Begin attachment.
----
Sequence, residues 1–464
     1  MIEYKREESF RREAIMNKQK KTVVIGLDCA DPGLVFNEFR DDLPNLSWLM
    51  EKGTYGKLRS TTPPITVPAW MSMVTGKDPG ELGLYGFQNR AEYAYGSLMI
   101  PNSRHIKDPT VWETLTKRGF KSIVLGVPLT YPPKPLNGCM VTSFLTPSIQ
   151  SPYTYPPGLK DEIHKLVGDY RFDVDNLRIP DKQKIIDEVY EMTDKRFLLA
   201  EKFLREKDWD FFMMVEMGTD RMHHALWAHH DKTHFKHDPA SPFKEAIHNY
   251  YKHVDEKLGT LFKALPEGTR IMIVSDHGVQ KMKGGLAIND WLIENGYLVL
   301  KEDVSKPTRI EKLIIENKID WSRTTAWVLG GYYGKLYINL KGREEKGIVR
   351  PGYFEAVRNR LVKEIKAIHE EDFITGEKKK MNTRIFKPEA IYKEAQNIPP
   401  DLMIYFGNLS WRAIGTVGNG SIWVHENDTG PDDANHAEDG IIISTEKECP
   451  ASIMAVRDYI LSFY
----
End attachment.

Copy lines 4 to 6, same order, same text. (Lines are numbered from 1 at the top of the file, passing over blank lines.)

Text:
   101  PNSRHIKDPT VWETLTKRGF KSIVLGVPLT YPPKPLNGCM VTSFLTPSIQ
   151  SPYTYPPGLK DEIHKLVGDY RFDVDNLRIP DKQKIIDEVY EMTDKRFLLA
   201  EKFLREKDWD FFMMVEMGTD RMHHALWAHH DKTHFKHDPA SPFKEAIHNY